BUSINESS AS USUAL. - The disturbed state of China under Japanese invasion has not affected the regularity of the Imperial Airways service. The "Dorado," here seen at Kai Tak Aerodrome, Hong Kong, connects every week in each direction with the main Imperial route at Penang, 1,600 miles away. The flags are painted on wing and rudder for information and guidance of belligerent pilots.
One of JERSEY AIRWAY'S large fleet of D.H.86's.
Flying to Brussels with Her Majesty the Queen (then the Duchess of York) in the imperial Airways' liner Draco in 1935.
A Dagenite ground-starting trolley in use by Imperial Airways. Its twelve-volt batteries are capable of 489 10-second "starts" at 100 amperes on one charge.
TOWARDS HONG KONG: The Imperial Airways D.H.86 Dorado at Penang. On the left can be seen the four members of the crew, including Capt. W. Armstrong. Third from the right is Major R. L. Nunn, the D.C.A. for Malaya.
D.H.86A G-AEJM, owned by Wrightways Ltd and based at Croydon from 1936 until the outbreak of war.
The only example of a four-motor biplane still flying is G-ACZP (Lancashire Aircraft Corpn.), a 1934-vintage de Havilland D.H.86A, now used for charter and joy-riding at Blackpool.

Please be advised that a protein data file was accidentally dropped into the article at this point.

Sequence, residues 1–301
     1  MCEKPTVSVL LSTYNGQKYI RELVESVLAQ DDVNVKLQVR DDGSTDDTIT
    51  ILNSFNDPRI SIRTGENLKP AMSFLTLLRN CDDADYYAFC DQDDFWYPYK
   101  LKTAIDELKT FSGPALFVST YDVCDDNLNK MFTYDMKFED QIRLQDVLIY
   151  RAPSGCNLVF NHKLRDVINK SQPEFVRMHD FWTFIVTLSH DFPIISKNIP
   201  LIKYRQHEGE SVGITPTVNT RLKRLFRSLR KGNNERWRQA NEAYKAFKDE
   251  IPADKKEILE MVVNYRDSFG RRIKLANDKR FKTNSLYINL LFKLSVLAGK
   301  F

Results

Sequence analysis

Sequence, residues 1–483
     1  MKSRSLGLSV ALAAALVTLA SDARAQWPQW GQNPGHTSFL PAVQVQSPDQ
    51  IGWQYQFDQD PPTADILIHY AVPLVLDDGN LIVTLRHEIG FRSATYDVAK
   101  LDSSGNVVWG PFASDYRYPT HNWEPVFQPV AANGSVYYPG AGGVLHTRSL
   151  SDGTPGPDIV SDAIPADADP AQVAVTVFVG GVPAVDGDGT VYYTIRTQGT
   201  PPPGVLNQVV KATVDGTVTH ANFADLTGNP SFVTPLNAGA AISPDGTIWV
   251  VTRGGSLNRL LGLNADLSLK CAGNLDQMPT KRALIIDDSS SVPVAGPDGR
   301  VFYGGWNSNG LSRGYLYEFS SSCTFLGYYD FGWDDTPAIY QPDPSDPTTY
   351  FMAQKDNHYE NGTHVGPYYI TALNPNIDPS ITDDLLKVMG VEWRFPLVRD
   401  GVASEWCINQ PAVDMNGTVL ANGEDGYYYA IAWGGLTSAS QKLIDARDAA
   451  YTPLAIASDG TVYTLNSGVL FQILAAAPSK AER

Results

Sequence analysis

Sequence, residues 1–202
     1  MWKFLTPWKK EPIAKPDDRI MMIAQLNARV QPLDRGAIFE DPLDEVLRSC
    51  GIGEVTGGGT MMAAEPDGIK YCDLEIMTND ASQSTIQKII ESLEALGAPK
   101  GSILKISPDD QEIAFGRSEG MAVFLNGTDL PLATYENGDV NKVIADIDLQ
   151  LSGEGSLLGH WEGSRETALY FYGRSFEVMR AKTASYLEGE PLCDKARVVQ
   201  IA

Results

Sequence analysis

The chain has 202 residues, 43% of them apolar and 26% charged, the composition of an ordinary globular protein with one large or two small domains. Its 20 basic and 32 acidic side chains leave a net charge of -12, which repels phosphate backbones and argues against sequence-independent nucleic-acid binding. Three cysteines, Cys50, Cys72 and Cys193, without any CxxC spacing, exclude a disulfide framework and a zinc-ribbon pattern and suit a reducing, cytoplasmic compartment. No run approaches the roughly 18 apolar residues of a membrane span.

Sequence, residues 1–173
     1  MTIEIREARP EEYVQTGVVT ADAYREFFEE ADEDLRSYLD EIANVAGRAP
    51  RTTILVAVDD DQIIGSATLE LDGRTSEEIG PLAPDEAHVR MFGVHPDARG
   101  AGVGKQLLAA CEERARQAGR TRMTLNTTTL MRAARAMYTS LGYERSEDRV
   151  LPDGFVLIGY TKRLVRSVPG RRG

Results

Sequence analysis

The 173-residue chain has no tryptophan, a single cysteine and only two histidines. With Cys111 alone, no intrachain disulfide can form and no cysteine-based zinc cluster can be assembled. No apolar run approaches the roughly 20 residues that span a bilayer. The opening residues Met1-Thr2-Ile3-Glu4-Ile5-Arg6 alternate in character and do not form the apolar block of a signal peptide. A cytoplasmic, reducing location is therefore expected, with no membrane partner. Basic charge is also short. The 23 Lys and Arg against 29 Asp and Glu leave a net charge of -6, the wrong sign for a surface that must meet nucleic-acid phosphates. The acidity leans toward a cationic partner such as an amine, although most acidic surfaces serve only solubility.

BRITISH CONTINENTAL AIRWAYS use D.H.86's for their Scandinavian Line.
Popular De Havilland biplane: the 86a transport machine with four Gipsy Six engines
The general appearance of the terminal building with its retractable gangways is well shown in this view. A British Airways' D.H.86 has just come in from Scandinavia.
NIGHT MAIL: This country's first real night mail service was opened by British Airways on Monday. Leaving Garwick at 10 o'clock, the mails reach Stockholm at 8.20 on the following morning. For the moment they are carried by A.B. Aerotransport from Hanover.
MAILS TO STOCKHOLM: On Wednesday of last week the first direct mail service to Stockholm was opened by British Airways. The machine left Gatwick with passengers and 1,000 lb. of mail.
This view of Croydon in 1938 shows British Airways' D.H.86A G-ADEC nearest the camera. This aircraft began life in 1935 with Hillmans Airways, and was absorbed into British Airways the following year. Shortly after this photograph was taken 'EC was sold to Uruguay as CX-AAH. The centre aircraft of the group is KLM's DC-2 PH-AKH, Haan, with Air France's three engined Wibault Penhoet F-AMHM in the background.
BROMMA IN ACTION: Transport machines of three nations at Stockholm's airport. On the ground are a British Continental Airways' D.H. 86 A and a Breguet-Wibault of Air France, while in the air is the Von Hindenburg, one of D.L.H.'s two Junkers G.38s, which have Jumo diesel engines.
Giffard Bay, on the beach at St. Helier, with three of the service "Dragons" in the background. This picture was taken immediately after landing and before the inevitably large crowd collected.